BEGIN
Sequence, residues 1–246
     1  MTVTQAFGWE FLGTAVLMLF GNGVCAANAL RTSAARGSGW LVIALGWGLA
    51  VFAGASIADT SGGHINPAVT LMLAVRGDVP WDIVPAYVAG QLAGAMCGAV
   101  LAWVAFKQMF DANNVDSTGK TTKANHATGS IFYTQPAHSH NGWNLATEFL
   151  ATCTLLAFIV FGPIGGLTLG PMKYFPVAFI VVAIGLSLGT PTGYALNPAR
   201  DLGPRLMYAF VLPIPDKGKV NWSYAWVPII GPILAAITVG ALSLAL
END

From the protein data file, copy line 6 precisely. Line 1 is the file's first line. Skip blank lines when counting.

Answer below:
   201  DLGPRLMYAF VLPIPDKGKV NWSYAWVPII GPILAAITVG ALSLAL